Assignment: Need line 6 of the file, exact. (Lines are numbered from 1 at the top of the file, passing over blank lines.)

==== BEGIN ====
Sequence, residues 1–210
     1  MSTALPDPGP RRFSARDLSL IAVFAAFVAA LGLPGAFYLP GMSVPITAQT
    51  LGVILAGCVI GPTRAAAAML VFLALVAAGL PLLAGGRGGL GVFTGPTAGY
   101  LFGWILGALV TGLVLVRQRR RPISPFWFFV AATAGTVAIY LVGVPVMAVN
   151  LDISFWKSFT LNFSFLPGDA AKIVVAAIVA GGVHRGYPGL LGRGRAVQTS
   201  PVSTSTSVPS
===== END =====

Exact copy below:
   201  PVSTSTSVPS